The Syrian government must immediately lift a two-month siege of opposition stronghold Daraa al-Balad and allow unfettered humanitarian access to the area where around 20,000 people are living in dire conditions with scarce supplies of food and barely any medical care, Amnesty International said today.
Thousands have fled Daraa al-Balad, a southern city of Daraa, since the siege began on 24 June. Humanitarian agencies have been unable to access the besieged area, bringing an end to the delivery of already limited humanitarian and medical aid. Those trapped in Daraa al-Balad are struggling on a daily basis to find food, water and medication, especially after the only medical point was forced to shut down after being hit by the government’s shelling. Scant supplies are trickling through smuggling routes to be sold for exorbitant prices that only a few can afford.
“Civilians are paying the price for battles they have never chosen. The Syrian government must immediately lift the siege to facilitate unfettered access for humanitarian organizations and allow the medical evacuation of the sick and injured,” said Diana Semaan, Amnesty International’s Syria researcher.
“All parties to the conflict must end unlawful attacks, grant safe passage to civilians wanting to flee the area and comply with international humanitarian law at all times.”
Between 18 till 24 August, Amnesty International spoke with four individuals in Daraa al-Balad, namely a doctor, an activist, two residents, as well as two humanitarian workers.
One humanitarian worker told the organisation that there is only enough food in Daraa al-Balad to last two weeks to a month. There is no electricity or medication available. The worker added that no humanitarian aid organization has been allowed into the besieged area– the Syrian government is only allowing aid distribution to internally displaced persons (IDPs) outside the besieged area.
Government forces have tightened the noose around Daraa al-Balad in a bid to root out remaining armed groups and return the whole province to government control. Sijneh road, Saraya crossing, Al-Sad road and the Palestinian and Golan camp area have all been closed, isolating the neighbourhoods from the eastern and western Daraa countryside and city centre.
Residents told Amnesty International that only women and children under 15 have been allowed out of the besieged area on foot after being subjected to security checks and told to leave their identity cards behind.
According to the United Nations Office for the Coordination of Humanitarian Affairs (OCHA), around 38,600 people, mostly women and children, have fled Daraa al-Balad to other parts of Daraa city and the surrounding areas. The exodus happened after the government briefly opened the Saraya checkpoint for people to leave but then closed it. Most IDPs are being hosted by relatives and friends while others are living in six collective shelters such as schools and mosques.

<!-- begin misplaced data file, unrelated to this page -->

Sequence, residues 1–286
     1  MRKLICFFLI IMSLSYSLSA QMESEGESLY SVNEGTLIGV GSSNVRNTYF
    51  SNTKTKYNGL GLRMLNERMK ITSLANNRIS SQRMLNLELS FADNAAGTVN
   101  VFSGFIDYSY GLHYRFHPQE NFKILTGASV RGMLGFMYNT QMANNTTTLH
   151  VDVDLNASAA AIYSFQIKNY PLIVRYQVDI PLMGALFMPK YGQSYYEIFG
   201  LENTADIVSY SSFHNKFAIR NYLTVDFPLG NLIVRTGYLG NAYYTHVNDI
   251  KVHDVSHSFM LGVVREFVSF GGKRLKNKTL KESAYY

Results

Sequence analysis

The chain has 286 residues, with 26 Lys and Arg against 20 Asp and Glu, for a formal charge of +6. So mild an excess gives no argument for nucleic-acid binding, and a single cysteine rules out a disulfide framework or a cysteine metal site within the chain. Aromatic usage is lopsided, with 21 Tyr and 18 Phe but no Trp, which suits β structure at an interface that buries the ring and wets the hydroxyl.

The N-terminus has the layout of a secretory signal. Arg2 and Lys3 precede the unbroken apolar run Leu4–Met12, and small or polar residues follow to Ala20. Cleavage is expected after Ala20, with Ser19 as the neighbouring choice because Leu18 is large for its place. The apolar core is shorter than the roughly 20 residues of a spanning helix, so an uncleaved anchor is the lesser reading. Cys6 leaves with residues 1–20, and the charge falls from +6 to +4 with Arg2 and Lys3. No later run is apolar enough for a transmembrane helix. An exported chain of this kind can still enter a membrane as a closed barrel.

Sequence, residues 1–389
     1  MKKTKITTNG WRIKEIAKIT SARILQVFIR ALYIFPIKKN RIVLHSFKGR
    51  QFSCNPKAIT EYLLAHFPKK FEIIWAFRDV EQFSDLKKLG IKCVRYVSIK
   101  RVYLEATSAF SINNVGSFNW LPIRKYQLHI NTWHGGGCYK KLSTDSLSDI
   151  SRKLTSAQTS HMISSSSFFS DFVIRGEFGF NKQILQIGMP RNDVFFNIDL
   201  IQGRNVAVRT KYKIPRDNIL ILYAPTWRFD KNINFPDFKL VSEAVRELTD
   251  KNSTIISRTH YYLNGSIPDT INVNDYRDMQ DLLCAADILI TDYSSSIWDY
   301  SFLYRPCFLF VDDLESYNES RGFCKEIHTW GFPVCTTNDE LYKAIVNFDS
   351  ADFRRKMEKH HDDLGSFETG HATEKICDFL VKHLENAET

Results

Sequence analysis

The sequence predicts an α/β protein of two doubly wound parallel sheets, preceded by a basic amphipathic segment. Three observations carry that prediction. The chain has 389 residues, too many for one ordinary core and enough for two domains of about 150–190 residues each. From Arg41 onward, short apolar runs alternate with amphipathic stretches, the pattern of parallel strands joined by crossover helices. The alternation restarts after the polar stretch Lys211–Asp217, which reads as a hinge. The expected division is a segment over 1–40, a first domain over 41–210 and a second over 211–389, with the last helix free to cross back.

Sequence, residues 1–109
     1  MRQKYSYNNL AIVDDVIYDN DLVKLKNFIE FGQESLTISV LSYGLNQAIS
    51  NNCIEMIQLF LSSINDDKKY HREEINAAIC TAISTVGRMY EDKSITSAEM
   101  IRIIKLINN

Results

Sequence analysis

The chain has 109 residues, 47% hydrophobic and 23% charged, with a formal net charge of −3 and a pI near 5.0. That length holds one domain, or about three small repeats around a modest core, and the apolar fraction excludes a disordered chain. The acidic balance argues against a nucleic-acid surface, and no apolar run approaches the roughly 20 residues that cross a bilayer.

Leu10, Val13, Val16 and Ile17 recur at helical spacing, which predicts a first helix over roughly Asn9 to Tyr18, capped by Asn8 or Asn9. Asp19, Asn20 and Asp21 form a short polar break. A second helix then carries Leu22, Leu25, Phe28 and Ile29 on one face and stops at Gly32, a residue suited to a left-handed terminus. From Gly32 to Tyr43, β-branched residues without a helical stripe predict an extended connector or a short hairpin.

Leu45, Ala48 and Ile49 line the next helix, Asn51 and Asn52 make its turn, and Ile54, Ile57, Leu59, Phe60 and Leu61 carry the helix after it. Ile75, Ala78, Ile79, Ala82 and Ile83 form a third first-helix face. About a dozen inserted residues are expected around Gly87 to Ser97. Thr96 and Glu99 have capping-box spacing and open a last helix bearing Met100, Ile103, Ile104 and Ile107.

Clashes between the Syrian government and armed groups in the area have left hundreds dead or injured since late July. Artillery shelling by government forces on 26 July hit the only medical facility in the neighbourhood. Two doctors told Amnesty International said since then, medical workers have been forced to see patients in their homes, providing them with the little care they can offer.
Patients with serious health conditions used to be referred to hospitals in government-controlled areas, like the Daraa National Hospital in Daraa al Mhatta. However, medical evacuations are now rarely approved by the Syrian government. Many sick and injured choose to remain in Daraa al-Balad out of fear of being detained or facing reprisals by government forces.
A woman residing in Daraa al-Balad told Amnesty International on 20 August about the living conditions:
“The shops are almost empty of all food. I am using what I have at home already. Pasta, rice, lentils, etc. There is a woman in the neighbourhood who has a cow, and she distributes milk to some of us, which we use to make yoghurt. There is no electricity for lengthy periods of time, even before the siege,” she said.
She described the desperate need for humanitarian and medical aid since all crossings had been blocked, and how rare and tortuous urgent medical evacuations are:
“My cousin, from my father’s side, had health complications and he needed urgent medical care, but we were not able to get him out, the government refused. He died… My neighbour also died from a stroke. He suffered from health problems, but he was too afraid to go to a hospital outside Daraa al-Balad. Even though he was old, he was afraid of being arrested.”
A media activist told Amnesty International researchers that the siege on the neighbourhood was because of its political stance against the May presidential elections.
“Once again the Syrian government is resorting to its ‘surrender or starve’ tactic which involves a combination of unlawful siege and indiscriminate bombardment of areas packed with civilians, in a bid to force armed opposition forces to surrender and evacuate. People are being starved and deprived of basic necessities in punishment for expressing views that differ to the government’s,” said Diana Semaan.